FRAGMIN 7 500 IU/0.3 ML SOLUTION FOR INJECTION

Active substance: DALTEPARIN SODIUM

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PATIENT INFORMATION LEAFLET

2518
31.07.14[4]

Fragmin® 7,500 IU/0.3 ml Solution for Injection
(dalteparin sodium)
Your medicine is available using the above name but will be referred to as
Fragmin throughout the following leaflet.
Fragmin is also available in other strengths.
Read all of this leaflet carefully before you start using this medicine
because it contains important information for you.
• Keep this leaflet. You may need to read it again.
• If you have any further questions, ask your doctor, pharmacist or nurse.
• This medicine has been prescribed for you only. If your doctor has
given you this medicine to use at home do not pass it on to others. It
may harm them, even if their signs of illness are the same as yours.
• If you get any side effects talk to your doctor, pharmacist or nurse. This
includes possible side effects not listed in this leaflet. See section 4.
What is in this leaflet:
1. What Fragmin is and what it is used for
2. What you need to know before you are given or use Fragmin
3. How Fragmin is given to you
4. Possible side effects
5. How to store Fragmin
6. Contents of the pack and other information
1. WHAT FRAGMIN IS AND WHAT IT IS USED FOR
Fragmin is a solution for injection. Its active ingredient is dalteparin sodium.
Fragmin belongs to a group of medicines called low molecular weight
heparins or antithrombotics, which help prevent the formation of blood
clots by thinning the blood.
• Fragmin is used to treat blood clots (venous thromboembolism) and to
prevent their recurrence. Venous thromboembolism is a condition
where blood clots develop in the legs (deep vein thrombosis) or the
lungs (pulmonary embolism), e.g. after surgery, prolonged bed-rest or
in patients with certain types of cancer.
• Fragmin is also used to treat a condition known as unstable coronary
artery disease. In coronary artery disease the coronary arteries (blood
vessels to the heart) are furred up and narrowed by patches of fatty
deposits.
• Unstable coronary artery disease means that a furred up bit of the
artery has ruptured and a clot has formed on it, reducing the flow of
blood to the heart. Patients with this condition may be more likely to go
on to have a heart attack without treatment with blood thinning drugs
such as Fragmin.
Ask your doctor if you are unsure why you have been given Fragmin.
2. WHAT YOU NEED TO KNOW BEEFORE YOU ARE GIVEN OR USE
FRAGMIN
You should not be given or use Fragmin:
• if you are allergic (hypersensitive) to the active ingredient dalteparin
sodium or a similar product or any of the other ingredients of this
medicine (listed in section 6).
• if you have an active stomach ulcer or ulcer of the duodenum (small
intestine).
• if you have suffered from a brain haemorrhage (bleeding in your brain).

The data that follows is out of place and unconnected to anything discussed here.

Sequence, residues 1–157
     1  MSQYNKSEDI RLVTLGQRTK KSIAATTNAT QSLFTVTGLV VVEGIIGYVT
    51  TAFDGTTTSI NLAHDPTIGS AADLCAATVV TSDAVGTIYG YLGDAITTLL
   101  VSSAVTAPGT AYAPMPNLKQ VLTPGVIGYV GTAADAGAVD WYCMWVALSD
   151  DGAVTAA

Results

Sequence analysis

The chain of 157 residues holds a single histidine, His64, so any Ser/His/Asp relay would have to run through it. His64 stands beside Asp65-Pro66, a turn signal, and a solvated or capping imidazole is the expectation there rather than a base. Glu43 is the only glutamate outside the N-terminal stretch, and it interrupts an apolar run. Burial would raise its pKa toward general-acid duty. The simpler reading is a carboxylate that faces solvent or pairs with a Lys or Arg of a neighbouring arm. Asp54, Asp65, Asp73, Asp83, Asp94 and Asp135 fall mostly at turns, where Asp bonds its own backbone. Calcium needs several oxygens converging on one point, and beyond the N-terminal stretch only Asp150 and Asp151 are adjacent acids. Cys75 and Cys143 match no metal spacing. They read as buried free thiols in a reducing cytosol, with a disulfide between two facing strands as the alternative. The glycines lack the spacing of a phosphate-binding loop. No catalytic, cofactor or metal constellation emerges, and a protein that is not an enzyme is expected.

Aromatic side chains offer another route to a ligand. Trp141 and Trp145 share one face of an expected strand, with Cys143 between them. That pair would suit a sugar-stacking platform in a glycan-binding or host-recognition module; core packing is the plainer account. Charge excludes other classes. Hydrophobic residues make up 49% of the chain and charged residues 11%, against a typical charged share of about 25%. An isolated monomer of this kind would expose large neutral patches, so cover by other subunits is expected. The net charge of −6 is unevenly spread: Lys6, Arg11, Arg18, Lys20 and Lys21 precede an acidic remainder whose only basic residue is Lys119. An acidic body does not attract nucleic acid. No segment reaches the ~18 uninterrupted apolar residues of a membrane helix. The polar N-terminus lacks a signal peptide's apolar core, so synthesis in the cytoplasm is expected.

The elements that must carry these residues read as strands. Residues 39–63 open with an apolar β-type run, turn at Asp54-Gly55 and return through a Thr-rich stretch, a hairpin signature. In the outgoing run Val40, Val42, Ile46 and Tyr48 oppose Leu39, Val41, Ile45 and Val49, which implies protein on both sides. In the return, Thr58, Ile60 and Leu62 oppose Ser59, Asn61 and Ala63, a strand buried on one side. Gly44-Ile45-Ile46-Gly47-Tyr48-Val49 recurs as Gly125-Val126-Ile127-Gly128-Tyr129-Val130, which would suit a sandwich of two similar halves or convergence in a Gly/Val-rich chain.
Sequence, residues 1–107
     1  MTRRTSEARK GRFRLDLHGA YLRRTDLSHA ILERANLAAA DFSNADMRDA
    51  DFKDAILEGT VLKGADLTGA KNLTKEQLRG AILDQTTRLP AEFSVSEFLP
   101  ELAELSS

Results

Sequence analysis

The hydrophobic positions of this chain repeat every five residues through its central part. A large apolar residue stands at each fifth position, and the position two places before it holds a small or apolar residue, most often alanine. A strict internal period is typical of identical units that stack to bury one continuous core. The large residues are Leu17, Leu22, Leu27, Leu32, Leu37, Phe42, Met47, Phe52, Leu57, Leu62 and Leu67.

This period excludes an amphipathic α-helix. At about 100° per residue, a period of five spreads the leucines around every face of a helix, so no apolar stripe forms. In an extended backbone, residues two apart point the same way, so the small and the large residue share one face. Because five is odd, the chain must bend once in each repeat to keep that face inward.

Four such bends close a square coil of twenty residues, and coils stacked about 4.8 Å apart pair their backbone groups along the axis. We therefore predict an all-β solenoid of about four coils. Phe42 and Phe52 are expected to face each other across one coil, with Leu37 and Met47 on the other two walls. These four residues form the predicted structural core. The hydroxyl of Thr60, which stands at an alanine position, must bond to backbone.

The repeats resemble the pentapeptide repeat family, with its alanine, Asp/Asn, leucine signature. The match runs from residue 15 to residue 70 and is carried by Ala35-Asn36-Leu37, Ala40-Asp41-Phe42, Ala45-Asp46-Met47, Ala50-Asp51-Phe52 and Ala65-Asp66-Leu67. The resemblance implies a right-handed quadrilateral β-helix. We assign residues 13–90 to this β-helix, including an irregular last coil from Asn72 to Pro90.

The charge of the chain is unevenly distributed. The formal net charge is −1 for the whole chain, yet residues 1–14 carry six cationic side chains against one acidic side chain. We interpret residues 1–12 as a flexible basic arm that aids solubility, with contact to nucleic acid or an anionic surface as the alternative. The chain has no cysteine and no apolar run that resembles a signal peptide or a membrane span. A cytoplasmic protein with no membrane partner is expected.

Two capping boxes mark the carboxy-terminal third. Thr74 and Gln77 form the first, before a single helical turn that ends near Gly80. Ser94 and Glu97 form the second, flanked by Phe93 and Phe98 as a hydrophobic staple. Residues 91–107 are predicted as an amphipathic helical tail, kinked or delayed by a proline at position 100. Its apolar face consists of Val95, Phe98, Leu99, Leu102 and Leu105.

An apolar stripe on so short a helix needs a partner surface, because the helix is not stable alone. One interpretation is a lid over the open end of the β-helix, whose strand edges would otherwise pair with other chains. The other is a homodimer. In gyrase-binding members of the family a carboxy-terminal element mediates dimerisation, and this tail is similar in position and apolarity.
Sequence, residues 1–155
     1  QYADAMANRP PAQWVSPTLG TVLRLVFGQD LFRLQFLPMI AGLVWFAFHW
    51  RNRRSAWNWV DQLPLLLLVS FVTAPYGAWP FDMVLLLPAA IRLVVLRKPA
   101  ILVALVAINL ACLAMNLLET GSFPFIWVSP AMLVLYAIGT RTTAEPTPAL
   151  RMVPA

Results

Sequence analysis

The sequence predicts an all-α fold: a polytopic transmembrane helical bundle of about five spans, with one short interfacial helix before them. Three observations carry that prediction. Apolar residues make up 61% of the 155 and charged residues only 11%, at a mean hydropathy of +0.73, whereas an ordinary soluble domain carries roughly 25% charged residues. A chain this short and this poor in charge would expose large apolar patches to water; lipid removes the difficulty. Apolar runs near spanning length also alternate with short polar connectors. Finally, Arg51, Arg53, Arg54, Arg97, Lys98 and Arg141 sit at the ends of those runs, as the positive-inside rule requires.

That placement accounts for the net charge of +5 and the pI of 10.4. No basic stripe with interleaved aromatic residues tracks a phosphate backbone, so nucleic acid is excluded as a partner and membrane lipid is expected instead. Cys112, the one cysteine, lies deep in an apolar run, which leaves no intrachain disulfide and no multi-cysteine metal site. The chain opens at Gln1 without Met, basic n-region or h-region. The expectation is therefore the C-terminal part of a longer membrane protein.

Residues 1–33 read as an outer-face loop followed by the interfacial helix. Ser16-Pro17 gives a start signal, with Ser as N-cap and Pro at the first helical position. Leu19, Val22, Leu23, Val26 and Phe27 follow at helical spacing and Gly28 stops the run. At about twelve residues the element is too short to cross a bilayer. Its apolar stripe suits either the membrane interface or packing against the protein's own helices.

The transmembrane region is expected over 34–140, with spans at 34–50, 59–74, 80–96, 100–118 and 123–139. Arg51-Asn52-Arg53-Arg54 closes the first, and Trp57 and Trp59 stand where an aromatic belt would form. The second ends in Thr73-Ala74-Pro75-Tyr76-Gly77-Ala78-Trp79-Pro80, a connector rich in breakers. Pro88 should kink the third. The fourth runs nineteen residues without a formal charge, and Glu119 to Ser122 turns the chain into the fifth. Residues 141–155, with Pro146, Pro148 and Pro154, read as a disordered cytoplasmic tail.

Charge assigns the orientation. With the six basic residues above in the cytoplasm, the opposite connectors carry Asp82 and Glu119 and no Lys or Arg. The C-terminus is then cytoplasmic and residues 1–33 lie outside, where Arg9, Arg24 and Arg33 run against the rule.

• if you have fluid mixed with blood that appears around heart and lungs.
• if you suffer from any condition which may cause you to bleed more
easily (e.g. haemophilia, liver failure). Ask your doctor if you are unsure.
• if you have a condition called septic endocarditis (an infection and
inflammation of the lining of the heart and heart valves). Your doctor will
have told you if you have this.
• if you have had a condition called “heparin-induced thrombocytopenia”
(a decrease in the number of clotting cells (platelets) in your blood
caused by heparin, which may cause you to bruise and bleed more
easily). Your doctor will have told you if you have this.
• if you have an injury to, or have had an operation involving your spine,
head, eyes or ears.
If you are receiving Fragmin to treat blood clots, you should not have a
local, spinal or epidural anaesthetic.
If you are given this medicine as part of your cancer treatment your doctor
will check that you weigh more than 40 kg, and that you have not had a
stroke within the last 3 months.
Warnings and precautions
Talk to your doctor, pharmacist or nurse before you are given or use
Fragmin:
• if you have conditions which make you more susceptible to bleeding e.g:
• after an operation or trauma
• a stroke caused by a bleed
• brain tumour
• severe liver or kidney failure
• abnormal or low numbers of platelets (clotting cells)

• eye disease caused by blood pressure or diabetes
• taking other medicines that thin the blood (e.g. aspirin, warfarin,
dipyridamole)
• uncontrolled high blood pressure.
• if you have been told by your doctor that you have a lot of potassium in
your blood or have a low blood pH. Your doctor will monitor your blood
regularly before and during treatment.
• if you have ever had an operation to insert artificial heart valve.
• if you need to have any other injections.
You may need to have blood tests to monitor the effects of Fragmin:
• if you have kidney failure or liver problems
• if you are very thin or morbidly obese
• if you are pregnant
• if you are at increased risk of bleeding or rethrombosis (more blood
clots)
• if you are a child
• if you have blood problems due to cancer treatment.
Children and adolescents
Dosing recommendations in children are based on clinical experience;
there are limited data from clinical trials, which will help your doctor
calculate the dose of Fragmin.
Other medicines and Fragmin
Tell your doctor, pharmacist or nurse if you are taking, have recently
taken or are planning to take or use any other medicines. This includes
medicines that you have bought for yourself.
Some medicines can affect the way Fragmin works, or Fragmin itself can
reduce the effectiveness of other medicines taken at the same time.
Medicines that increase the effect of Fragmin include:
• Those used to thin your blood (e.g. aspirin, dipyridamole, glycoprotein
receptor antagonists and warfarin).
• Medicines called non-steroidal anti-inflammatory drugs (NSAIDs) used
to reduce pain and inflammation (e.g. indometacin).
• Some medicines for gout (e.g. sulfinpyrazone and probenecid).
• Etacrynic acid (a water retention tablet (diuretic)).
• Solutions given to increase the blood volume (e.g. dextrans).
• Medicines known as cytostatics (used in cancer treatment).
• Thrombolytic medications for treating transmural heart attack (e.g. TPAtissue plasminogen activator).
Medicines that can reduce the effect of Fragmin include: